Is a Workplace Shooting a Job-Related Injury?
A debate as to whether workers’ compensation covers workplace injuries or work-caused injuries could be headed to the state Supreme Court.
The case concerns a 2019 incident at an airport car rental agency. At the end of his shift late one night, the job injury victim was walking from the rental car kiosk to an outside office when a man emerged from a darkened area and shot him at least seven times at close range. Investigators didn’t find the shooter and couldn’t determine a motive.
When the man filed a workers’ compensation claim, the insurance company claimed the shooting stemmed from a simmering conflict between a man known as Robert Aponte and the injured worker’s son. The day before, his son and the youth’s mother had been physically confronted by Aponte and another person over an alleged debt. The victim’s lawyers pointed out that three employees of the rental firm had been fired in the weeks preceding the shooting.
An Administrative Law Judge approved the claim but an appeals court panel reversed that decision. In doing so, it certified the following question: “When an act of a third-party tortfeasor is the sole cause of an injury to an employee who is in the course and scope of employment, can the tortfeasor’s act satisfy the occupational causation element … necessary for compensability?”
Either the full court of appeals or the state Supreme Court will answer that question.
Non-Work Injuries Covered by Workers’ Compensation
Traditionally, the Florida Workers’ Compensation Act broadly defines work-related injuries to include some wounds that many people, especially insurance adjusters, wouldn’t consider work related.
A pre-existing condition that contributes to a work-related injury might be the best example. A Tampa workers’ compensation attorney can still obtain maximum benefits in these cases, if the pre-existing condition aggravated the work-related injury, as opposed to the other way around, or the pre-existing condition didn’t substantially contribute to the work-related injury.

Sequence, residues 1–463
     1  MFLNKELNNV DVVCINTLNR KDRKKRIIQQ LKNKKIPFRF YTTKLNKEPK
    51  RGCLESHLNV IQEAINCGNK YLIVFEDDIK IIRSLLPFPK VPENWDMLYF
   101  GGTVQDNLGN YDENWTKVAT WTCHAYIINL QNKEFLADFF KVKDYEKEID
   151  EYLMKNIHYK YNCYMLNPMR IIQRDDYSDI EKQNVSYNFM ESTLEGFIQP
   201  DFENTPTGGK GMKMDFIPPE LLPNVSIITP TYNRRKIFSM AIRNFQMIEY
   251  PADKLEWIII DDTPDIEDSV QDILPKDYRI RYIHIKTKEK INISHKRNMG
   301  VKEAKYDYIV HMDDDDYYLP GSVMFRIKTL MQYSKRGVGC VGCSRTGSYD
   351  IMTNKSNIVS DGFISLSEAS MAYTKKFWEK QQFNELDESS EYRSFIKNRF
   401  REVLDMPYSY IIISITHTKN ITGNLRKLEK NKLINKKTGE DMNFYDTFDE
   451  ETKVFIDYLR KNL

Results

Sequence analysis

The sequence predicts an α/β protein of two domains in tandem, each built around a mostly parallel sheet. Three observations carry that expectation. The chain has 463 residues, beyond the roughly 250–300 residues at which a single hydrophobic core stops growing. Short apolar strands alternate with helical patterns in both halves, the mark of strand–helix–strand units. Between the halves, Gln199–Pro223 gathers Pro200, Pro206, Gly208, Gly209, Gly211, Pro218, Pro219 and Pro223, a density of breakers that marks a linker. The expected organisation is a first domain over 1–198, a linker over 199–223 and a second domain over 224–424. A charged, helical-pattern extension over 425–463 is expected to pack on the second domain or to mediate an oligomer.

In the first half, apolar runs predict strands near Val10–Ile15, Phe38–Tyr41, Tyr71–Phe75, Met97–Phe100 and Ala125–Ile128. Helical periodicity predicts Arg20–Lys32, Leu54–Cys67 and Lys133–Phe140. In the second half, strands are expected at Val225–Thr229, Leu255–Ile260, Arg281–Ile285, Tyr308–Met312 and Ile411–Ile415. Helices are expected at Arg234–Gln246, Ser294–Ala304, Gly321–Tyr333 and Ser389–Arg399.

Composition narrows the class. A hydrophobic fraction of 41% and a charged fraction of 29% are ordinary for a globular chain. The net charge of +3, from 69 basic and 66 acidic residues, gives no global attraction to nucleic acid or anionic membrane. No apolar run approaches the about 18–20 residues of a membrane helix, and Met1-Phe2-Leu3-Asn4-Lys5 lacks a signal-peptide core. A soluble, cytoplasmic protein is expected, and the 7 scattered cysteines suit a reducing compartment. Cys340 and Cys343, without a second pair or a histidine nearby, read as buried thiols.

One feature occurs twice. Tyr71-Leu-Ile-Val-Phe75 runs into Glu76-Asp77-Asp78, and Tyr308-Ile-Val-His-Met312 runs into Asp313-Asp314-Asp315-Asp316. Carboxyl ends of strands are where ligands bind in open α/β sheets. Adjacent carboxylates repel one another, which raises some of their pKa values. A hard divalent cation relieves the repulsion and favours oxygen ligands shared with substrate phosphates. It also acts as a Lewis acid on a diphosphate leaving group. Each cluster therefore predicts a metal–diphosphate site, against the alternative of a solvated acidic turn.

Assume Sam hurt his back in high school and the condition lingers into his early adult years, when he becomes a warehouse worker. The constant bending, stooping, keeling, and reaching gives him a repetitive stress muscle disorder. His bad back contributed to the problem. It prevented him from bending, stooping, keeling, and reaching properly.
A company doctor might insist that the repetitive stress aggravated the bad back, and therefore benefits are unavailable. In such situations, a Tampa workers’ compensation lawyer usually partners with an independent doctor, who has a much different opinion.
Or, assume Sam lost his hearing at work. His bad back may have partially contributed to his hearing loss, since he couldn’t quickly move away from noisy locations. But his bad back didn’t substantially contribute to his hearing loss.
Furthermore, Florida law broadly defines work-related as any activity that benefits an employer in any way. If Jill breaks her leg at the company softball game, benefits are usually available. Softball games benefit bosses. Happy and healthy workers are more productive workers. Furthermore, the free advertising (name on the jersey) benefits the company.
Employers usually cannot contest the liability portion of a workers’ compensation claim. But they can and do contest the amount of benefits available.
Medical bills are the best example. Under the law, an insurance company must pay all reasonably necessary medical bills. Most insurance company adjusters believe that “reasonably necessary” is the same thing as “cheapest available.” That’s usually not the case. All victims don’t respond to the same injury treatment in the same way. That’s especially true if the victim has a pre-existing condition.
In Sam’s case, rest and physical therapy might manage many repetitive stress disorder illnesses. But due to his bad back, he might require additional treatment, which the workers’ compensation insurance company must pay for.
The same issues apply to lost wage replacement. Some victims recover quickly and some recover slowly. The lost wage replacement benefit must reflect the victim’s ability to go back to work, not the average person’s ability to go back to work.
Incidentally, this benefit is not only backward looking. It’s also forward looking. If a job injury forces them to miss work, victims deserve compensation for their current lost wages, but also for lost future performance bonuses and missed scheduled pay increases.
Rely on a Diligent Hillsborough County Attorney
Injury victims are entitled to important financial benefits. For a free consultation with an experienced job injury lawyer in Tampa, contact Kobal Law. We routinely handle matters throughout the Sunshine State.